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Ice Climbing in Colorado

Leading ice. Love the climbing in Vail!

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12 from 2012: Outdoor Safety Articles

Here’s some of what we’ve been reading at OSI over the past year. These articles covering outdoor safety and outdoor program topics may be weeks or months old, but they’re worth revisiting. Some, like the first feature on an avalanche incident, made the list both for material covered and exceptional writing and presentation. Others, like the Backpacker Magazine piece on an incident involving falling trees, made the list primarily because they focus on an important or emerging safety hazard.



 

Backcountry SkierSnow Fall: The Avalanche at Tunnel Creek (New York Times): This stunning multimedia feature provides an in-depth view of a massive avalanche incident in the Steven’s Pass, Washington area. It is a long read, but be sure to at least check out all of the pages and interactive features. (12/26/12)

Three Youth Backpackers Against SunsetTough Lessons for Organizations Serving Vulnerable Populations (Nonprofit Risk Management Center) 2012 was a year of many disturbing revelations about past abuse. Outdoor programs, especially those serving youth, should take heed of these lessons learned by other organizations. (6/27/12)

Grizzly bearGrizzly Attack (Outside Magazine): This account of a ferocious 2011 attack on seven NOLS students is a must-read for anyone venturing into grizzly country. The initial news coverage of this incident was poor, so we previously shared links to the best articles covering this incident. (1/5/12)

Woman rappeling in YosemiteRappelling (Will Gadd’s Blog): Too many climbers continue to perish or suffer injury on descent. One of the world’s top all-around climbers and adventurers offers his advice. As Gadd notes, some of the comments in response to his piece are valuable reading. (8/7/12)

Student Traveller with MapPreventing Students from Becoming Prey (Lodestone Safety International Blog): Students who travel and study abroad may be targets for crime or manipulation. Our friend Bill Frederick covers how to effectively educate students to reduce these risks. (10/10/12)

Dead Lodgepole Pine TreesOut Alive: Chased by Widowmakers (Backpacker Magazine): More important than the story (or the dramatized illustration) is the reality that falling trees pose an ever-greater hazard due to the massive forest die-off occurring in the Western U.S. (11/12) 


Avalanche TransceiverAvalanche Beacons and Electrical Interference (BCA Blog): A new study indicates that common electronic devices (camera, iPod, GPS, etc.) can significantly throw off an avalanche transceiver search. More research in real-world settings would be helpful, but beacon users should be aware of this info. (11/19/12)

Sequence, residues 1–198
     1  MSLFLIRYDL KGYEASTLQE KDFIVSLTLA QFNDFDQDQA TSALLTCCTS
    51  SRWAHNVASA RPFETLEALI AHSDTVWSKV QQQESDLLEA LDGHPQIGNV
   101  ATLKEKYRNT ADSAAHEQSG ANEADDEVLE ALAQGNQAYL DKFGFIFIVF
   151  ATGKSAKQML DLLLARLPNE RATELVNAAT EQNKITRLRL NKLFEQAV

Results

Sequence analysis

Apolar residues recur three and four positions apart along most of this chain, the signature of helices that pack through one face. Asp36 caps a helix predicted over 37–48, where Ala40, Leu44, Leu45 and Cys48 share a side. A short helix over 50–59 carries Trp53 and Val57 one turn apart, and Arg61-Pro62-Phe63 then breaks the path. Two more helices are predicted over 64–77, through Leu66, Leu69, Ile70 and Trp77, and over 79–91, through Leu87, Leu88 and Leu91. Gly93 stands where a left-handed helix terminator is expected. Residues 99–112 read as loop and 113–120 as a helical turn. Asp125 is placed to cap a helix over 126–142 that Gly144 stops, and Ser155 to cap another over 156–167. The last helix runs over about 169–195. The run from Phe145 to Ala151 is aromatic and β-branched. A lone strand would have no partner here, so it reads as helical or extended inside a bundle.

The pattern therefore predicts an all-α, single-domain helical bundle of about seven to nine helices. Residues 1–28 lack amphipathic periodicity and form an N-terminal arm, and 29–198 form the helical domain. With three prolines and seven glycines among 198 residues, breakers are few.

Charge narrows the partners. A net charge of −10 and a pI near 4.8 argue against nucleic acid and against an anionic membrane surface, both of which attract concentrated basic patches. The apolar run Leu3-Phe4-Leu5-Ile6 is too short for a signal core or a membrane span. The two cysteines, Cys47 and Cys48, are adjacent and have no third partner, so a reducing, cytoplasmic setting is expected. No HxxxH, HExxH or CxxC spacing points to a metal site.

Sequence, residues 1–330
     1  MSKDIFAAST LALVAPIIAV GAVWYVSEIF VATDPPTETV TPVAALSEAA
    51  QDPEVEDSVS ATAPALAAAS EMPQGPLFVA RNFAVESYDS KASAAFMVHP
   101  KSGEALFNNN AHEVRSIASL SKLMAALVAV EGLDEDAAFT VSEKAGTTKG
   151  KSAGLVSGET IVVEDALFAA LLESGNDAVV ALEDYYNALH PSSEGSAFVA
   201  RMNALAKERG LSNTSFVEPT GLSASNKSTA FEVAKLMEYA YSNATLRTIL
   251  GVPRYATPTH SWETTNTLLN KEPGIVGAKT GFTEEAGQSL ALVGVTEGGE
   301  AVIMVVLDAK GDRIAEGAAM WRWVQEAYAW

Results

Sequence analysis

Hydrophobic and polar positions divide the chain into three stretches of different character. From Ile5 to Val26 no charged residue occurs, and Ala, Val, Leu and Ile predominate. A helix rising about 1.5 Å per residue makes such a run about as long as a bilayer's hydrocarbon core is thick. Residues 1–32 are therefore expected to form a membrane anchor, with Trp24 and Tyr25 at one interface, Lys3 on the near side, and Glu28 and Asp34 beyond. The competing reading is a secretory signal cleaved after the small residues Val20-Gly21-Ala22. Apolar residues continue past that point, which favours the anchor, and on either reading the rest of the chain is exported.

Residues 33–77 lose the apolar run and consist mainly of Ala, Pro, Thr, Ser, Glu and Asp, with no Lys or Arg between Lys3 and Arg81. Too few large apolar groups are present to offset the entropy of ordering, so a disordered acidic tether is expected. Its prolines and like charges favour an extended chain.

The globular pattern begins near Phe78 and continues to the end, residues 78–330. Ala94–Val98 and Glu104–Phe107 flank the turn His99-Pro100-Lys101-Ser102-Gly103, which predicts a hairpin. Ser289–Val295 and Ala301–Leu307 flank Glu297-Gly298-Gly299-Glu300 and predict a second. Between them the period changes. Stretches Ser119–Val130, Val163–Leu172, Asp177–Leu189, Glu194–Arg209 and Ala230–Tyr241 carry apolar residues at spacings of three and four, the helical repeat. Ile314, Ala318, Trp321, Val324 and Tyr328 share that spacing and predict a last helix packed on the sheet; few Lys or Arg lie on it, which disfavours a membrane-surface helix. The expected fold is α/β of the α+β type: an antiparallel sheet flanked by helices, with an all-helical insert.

Grizzly sow with 2 cubsAre Hungry Bears in Yellowstone Attacking Humans For Food? (Outside Magazine): Though we like bears and aren’t fixated on toothy threats, both this article and number 3 on this list are about grizzlies (and both are from Outside Magazine). Bears don’t pose the greatest hazard in the outdoors, but this article on OSI’s backyard has us paying extra attention. (5/7/12)

removing a tickAnother Tick-Borne Disease to Guard Against (New York Times): Babesiosis, which causes flu-like symptoms, is carried by the same ticks as Lyme disease and is spreading in the Northeast and Upper Midwest. Untreated cases can have serious consequences. (7/30/12)

Sea KayakerTragedy on Lake Superior (paddlinginstructor.com): A sea kayaking instructor discusses personal risk management and maintaining instructional standards in light of the tragic kayaking death of one of his former students. (6/20/12)


Dice imageHow to Beat the Odds at Judging Risk (Wall Street Journal): More evidence that those who learn to be effective at gauging risk receive prompt and clear feedback on their assessments. This is an excerpt from the book “Risk Intelligence” by Dylan Evans. (5/11/12)

Backcounty Skiers Discuss TerrainPerils in Powder (Bozeman Daily Chronicle): OSI’s hometown newspaper combines firsthand avalanche accounts, expert advice, and graphical representation of avalanche fatality statistics to create this in-depth special feature. (12/20/12)


And making it a baker's dozen, we have this article a reader suggested to us:



Deer Mouse in Tree
What Caused the Yosemite Hantavirus Outbreak? (Scientific American): Hantavirus, spread by rodents, has always been associated with the high desert Southwest. Now, with 10 cases in Yosemite and 3 deaths, is it spreading? (9/7/12)


Also be sure to review some of OSI's 2012 articles including Improving Water Safety and The Trouble with (Climbing) Tethers.

We'd appreciate any suggestions you have on recent articles relevant to outdoor safety. Please add them in the comments section below.

"Out Alive" trees image: flickr.com/vsmoothe, Mouse image: flickr.com/USFWS Mountain Prairie

Posted by

Alex Kosseff

on 1/15/13
Categories: 
Field SafetyIncidentsNews

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